What an opportunity!  Empty the living areas of 95% of the contents and suddenly it's so much easier to toss clutter, dust previously unexposed walls & crannies, and wash windows & curtains.  All things I usually tend to in the summer months.  I was sad to have missed that opportunity, but the timing wasn't right then.  Now?  Now I'm thrilled to have it done.

The young man who came to clean our carpet asked if I wanted the pet treatment.  I made the $100 leap.  It wasn't cheap, but it's good to remove any residual odor (that we no longer notice) and the temptation it gives to any visiting dogs.  He warned me that the spots would remain wet for 24 hours and the smell would increase during that time.

Can I say yet again how happy I am to have clean carpet??  I've been embarrassed over all the dog spots whenever we have company.  I'm a big fan of spot treatment, but not every resident of the house knew it's necessary to remove as much urine as possible and then treat with product.  As a result, we ended up with a carpet (mainly in the hallway) that hung onto dirt in every untreated area.  If I'd known 9 years ago, I would've installed polka dot carpet!  :>.

Next goal?  Recarpet the cat castle.  Ready N??

Friday, October 9, 2009

My Small World of Vacuums

Before our wedding, family friends went to my mother for gift ideas. Since N had been previously married, he had most of the equipment necessary to run a household. Except for a vacuum cleaner. And so the suggestion was made to let those folks who would like the convenience of gifting cash know we had a goal of buying a vacuum cleaner in mind. We ended up with enough cash to buy a nice economy model of an upright Royal from Stark.

The Stark lasted for about the first 9 years of our married life. I can't remember exactly what caused it's demise, but it may have had something to do with the extra wear and tear we put it through when we bought our house in Roseburg. Our next two vacuums were inexpensive Wal Mart machines, which lasted about as long as you'd expect. Maybe that's why we decided to do a little research before buying the next one. We settled on a Panasonic. It was supposed to be the best deal for our budget. It was a great vacuum and we probably kept it as long or longer than the Stark.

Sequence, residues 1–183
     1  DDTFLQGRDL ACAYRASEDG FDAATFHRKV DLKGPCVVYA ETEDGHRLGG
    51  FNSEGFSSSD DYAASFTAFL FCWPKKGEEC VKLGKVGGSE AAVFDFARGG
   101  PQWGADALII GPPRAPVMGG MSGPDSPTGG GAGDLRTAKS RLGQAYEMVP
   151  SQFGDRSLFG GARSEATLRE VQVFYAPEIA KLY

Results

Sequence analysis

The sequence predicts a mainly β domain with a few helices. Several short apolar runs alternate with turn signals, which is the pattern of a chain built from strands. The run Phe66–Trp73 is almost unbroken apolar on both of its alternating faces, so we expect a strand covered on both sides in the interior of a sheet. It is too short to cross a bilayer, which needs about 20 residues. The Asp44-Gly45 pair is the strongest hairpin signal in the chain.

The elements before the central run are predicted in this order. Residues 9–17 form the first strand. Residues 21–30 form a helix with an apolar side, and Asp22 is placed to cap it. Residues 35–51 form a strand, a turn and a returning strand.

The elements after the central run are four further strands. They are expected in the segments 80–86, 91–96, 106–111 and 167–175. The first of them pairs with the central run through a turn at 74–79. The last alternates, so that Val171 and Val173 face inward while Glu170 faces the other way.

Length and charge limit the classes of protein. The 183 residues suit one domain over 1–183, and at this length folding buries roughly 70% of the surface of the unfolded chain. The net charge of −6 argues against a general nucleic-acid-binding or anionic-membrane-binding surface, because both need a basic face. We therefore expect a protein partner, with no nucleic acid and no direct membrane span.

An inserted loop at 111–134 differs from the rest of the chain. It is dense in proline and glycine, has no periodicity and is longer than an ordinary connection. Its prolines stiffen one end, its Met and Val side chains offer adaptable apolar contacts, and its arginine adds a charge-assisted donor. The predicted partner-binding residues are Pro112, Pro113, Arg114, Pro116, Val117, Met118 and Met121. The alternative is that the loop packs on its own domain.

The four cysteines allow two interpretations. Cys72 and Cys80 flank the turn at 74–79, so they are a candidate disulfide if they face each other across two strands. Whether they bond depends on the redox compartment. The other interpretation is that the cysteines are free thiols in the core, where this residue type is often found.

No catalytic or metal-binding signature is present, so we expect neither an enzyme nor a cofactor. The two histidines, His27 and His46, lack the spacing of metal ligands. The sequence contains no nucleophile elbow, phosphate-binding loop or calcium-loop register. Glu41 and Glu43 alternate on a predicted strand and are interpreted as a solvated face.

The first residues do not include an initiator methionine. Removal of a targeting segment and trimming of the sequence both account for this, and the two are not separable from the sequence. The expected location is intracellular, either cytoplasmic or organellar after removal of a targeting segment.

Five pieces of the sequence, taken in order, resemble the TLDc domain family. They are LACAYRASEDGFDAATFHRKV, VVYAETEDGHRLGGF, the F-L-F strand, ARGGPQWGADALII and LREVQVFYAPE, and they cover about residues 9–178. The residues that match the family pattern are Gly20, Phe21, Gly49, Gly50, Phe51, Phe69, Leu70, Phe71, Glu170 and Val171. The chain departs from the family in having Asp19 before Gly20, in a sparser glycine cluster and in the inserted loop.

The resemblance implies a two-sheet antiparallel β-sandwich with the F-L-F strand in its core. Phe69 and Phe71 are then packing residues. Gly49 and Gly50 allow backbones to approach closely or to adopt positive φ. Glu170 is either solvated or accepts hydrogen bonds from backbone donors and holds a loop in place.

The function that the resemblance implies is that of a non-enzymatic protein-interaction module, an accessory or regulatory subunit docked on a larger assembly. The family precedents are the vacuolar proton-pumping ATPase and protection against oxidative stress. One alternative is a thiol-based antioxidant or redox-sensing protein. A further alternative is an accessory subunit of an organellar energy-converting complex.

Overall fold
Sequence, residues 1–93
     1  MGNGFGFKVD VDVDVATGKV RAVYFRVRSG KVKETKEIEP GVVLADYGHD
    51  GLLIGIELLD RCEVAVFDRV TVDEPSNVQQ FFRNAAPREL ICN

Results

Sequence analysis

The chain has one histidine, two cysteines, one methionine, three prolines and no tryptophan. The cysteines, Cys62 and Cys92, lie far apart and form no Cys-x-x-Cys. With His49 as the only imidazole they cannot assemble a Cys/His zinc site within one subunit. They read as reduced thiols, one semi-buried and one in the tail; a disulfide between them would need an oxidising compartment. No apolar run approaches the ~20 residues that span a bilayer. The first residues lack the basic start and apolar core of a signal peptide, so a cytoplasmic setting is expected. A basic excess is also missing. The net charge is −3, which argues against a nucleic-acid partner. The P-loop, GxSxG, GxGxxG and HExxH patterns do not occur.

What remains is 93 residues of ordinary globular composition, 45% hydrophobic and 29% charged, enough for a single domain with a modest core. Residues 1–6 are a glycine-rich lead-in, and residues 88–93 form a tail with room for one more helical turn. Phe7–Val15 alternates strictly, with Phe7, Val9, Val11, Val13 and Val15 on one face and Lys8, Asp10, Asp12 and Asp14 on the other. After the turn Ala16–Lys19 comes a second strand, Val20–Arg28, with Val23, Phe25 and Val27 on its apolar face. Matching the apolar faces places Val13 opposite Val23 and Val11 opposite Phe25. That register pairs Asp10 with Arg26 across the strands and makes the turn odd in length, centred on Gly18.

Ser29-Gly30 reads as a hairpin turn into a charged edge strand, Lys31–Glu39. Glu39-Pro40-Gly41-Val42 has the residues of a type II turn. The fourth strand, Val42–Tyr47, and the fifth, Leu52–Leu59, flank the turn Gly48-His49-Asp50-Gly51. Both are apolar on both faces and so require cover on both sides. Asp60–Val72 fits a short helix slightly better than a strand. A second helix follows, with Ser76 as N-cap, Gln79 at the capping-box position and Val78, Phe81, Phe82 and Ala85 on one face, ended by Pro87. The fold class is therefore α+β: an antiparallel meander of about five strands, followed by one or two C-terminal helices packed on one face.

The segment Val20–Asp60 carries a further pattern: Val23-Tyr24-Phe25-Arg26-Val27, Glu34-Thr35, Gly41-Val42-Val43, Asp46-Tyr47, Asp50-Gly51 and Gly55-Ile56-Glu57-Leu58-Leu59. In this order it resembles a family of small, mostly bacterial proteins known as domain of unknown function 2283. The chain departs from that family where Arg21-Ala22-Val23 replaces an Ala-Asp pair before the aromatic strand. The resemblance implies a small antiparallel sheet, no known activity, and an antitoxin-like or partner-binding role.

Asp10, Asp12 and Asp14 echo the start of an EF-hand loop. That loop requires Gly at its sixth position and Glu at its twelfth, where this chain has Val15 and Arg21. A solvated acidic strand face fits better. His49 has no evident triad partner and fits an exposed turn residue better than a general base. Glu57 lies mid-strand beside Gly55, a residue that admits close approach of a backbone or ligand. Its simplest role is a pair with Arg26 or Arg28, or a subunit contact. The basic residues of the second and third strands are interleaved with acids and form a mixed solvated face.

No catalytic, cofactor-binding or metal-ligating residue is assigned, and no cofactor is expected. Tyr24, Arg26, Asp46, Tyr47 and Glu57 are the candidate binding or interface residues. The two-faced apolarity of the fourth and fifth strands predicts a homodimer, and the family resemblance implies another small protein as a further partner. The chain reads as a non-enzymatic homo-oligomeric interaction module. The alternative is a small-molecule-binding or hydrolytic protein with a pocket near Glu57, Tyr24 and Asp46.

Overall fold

Instead of researching for our replacement, we bought a Shark at Costco--the one they carried in our price range. It, too, did a great job of keeping the carpet clean, but it's plastic parts were prone to breakage. The Shark slowly fell apart over the following 2+ years. Our latest purchase is a Bissell (also from Costco). My second bagless vacuum (I love bagless!). I never liked to waste bags and would wait and wait before changing them. Plus, now that I can empty a container whenever I want, I notice the vacuum cleans more efficiently.

I'm glad other appliances don't need to be replaced as often as a vacuum cleaner, but then again, we do put them through a lot in the time we own them.

Thursday, October 8, 2009

One person prep

This evening, as I was getting some of the light, one person prep done for tomorrow's carpet cleaning, I remembered (I'm pretty sure that memory is correct) that Jonathon was here to help out with the heavy lifting the last time.  Wimpy me? Not much of a substitute, but I'll do my best not to hurt N.

I'm so very happy the carpet is going to be cleaned.  (Yahoo!!) It's been through quite a bit since the last time.  It took about 6 months total, but Izzy learned bladder control.  Nixon proved his age and that he gets pretty danged excited whenever the word "walk" is uttered.  And of course, there are the unavoidable spills and tracked in dirt from normal day to day living. 

I know, there won't be any miracles--not everything is going to come out of the carpet fibers tomorrow morning, but it's going to be a big improvement.  Until next time.

Wednesday, October 7, 2009

Nancy? Is that you?

I was tickled to have the nurse who shared the hilarious stories about her parrots do my history at the Red Cross today.  I wasn't surprised to learn that she does stand-up comedy.  She's going to have gastric bypass surgery soon and she's worried about losing all her fat jokes.  I have a feeling she'll find new material on her journey.

Tuesday, October 6, 2009

Random notes from my Monday

Pretty amazing for the two of us, plus it happened on a Monday with all of it's built-in excuses. 

We were driving home from a Verizon store visit and it was only 8:30 PM.  All by itself, it doesn't sound like much, but prior to that trip home we had eaten a home cooked meal and shopped at Costco.  We're usually sitting down to dinner between 7 and 7:30 in the evening. 

The stop at Verizon?  Oh . . . um . . . well . . . remember that phone envy? N's phone is now mine.  :>)  He decided he's too rough on phones to have a big exposed screen in his pocket.  That or he's way too sweet where I'm concerned.  The young woman, who used to work at Joe's, worked hard to switch our contacts and such for us.  Since I'd evidently set-up a back-up account sometime in the foggy past, the complimentary transfer only worked for one phone, but it helped.  I was sad to lose my ringtones.  Not sure if N will care to use them.  ;>